THE 12th Earl of Shaftesbury - the owner of Lough Neagh - has firmly insisted that he has “no plans” to sell the lough despite calls from Upper Bann MLA Dolores Kelly that the NI Assembly should vest the British Isles’ largest expanse of fresh water “as a last resort”.
The Earl, Nicholas Ashley-Cooper, inherited the lough from his long lineage, and this week, the Assembly - with the exception of the Ulster Unionists - agreed “to consider whether the vast waterway should be brought into public ownership”.
Mrs Kelly, who was brought up beside the lough and still lives in Aghagallon, was the most fervent advocate of the move to establish a working group - as proposed by Sinn Fein - with DUP’s Jim Wells stating it made ecological and commercial sense.
She said yesterday, “Lough Neagh provides 40 per cent of the province’s drinking water, it supports a vital fishing industry, it accommodates comprehensive water sports, it has tremendous tourism potential, and it isn’t right that the landed gentry - an absentee landlord - should own and control it.
“Eel fisher people will tell us that the quality of water out in the lough is unsatisfactory. It should be the responsibility of the Assembly to oversee these things. However, it would be useful to have a working group with the Earl involved to put things right.”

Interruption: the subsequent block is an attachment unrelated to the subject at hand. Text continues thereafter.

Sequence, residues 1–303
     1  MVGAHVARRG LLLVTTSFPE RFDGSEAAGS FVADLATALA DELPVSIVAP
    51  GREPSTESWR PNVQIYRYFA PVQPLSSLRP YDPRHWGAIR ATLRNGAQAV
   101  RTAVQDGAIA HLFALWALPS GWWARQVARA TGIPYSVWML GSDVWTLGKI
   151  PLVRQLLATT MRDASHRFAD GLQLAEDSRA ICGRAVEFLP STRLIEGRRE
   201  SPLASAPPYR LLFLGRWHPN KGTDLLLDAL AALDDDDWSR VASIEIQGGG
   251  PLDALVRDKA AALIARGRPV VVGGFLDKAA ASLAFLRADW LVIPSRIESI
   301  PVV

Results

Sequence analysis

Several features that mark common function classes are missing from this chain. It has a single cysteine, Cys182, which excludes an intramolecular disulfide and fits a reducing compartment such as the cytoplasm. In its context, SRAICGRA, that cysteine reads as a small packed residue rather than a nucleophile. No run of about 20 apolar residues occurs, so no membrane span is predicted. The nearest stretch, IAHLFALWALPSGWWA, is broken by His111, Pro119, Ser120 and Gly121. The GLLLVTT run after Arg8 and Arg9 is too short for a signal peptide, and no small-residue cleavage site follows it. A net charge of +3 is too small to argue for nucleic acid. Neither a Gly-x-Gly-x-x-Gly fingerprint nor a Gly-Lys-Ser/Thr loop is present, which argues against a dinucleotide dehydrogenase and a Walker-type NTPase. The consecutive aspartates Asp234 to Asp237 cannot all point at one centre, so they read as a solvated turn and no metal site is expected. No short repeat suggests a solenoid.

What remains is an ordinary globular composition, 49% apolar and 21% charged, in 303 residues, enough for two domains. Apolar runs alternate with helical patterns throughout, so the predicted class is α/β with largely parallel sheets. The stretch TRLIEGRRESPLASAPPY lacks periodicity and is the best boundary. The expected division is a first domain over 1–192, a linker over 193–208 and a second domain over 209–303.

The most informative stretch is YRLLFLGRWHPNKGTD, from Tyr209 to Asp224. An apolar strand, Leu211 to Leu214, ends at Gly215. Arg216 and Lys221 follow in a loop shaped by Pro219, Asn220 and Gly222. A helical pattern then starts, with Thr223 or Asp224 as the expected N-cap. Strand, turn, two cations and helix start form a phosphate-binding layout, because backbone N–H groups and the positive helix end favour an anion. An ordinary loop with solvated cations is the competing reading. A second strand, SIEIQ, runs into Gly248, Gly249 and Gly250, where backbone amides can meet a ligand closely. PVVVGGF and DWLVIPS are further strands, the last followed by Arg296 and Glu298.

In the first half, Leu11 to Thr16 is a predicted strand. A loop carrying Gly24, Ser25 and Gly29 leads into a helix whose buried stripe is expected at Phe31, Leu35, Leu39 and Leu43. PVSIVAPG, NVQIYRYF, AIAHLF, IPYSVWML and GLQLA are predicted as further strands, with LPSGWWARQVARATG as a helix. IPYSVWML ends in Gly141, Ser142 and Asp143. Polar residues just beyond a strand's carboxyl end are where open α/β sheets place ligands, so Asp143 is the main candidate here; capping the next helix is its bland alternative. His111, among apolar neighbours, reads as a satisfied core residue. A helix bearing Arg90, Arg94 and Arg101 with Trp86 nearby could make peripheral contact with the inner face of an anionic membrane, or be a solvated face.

DUP supported the motion, although Jim Wells said the party would not be happy with compulsory purchase. He recalled that the lough had been given to one family by the king many centuries ago, “and it is not being properly managed”.
“The water quality, fish stocks and wildlife are a disaster,” he added. “There is sewage - human and animal - in it and you wouldn’t swim in it. Water supplies have to be heavily bleached before you’d dream of drinking it.”
But Upper Bann’s Samuel Gardiner (UUP) felt that “bits and pieces of the lough should not be sold all over the place”. He added, “I would much prefer to keep it as it is - things are working alright.”
This prompted Mrs Kelly to retort that she was very disappointed with UUP for not supporting the motion, “as they seem to be stuck in the landed gentry mode of the past”.
The following statement was sent from the Earl’s 5,500 acres estate in Dorset said, “The Shaftesbury Estate has no plans to sell its Northern Ireland interests and the decision of the Northern Ireland Assembly was unexpected. That said, the estate will assist the working group in whatever way it can and will cooperate with an appraisal of the Lough and all the relevant stakeholders.”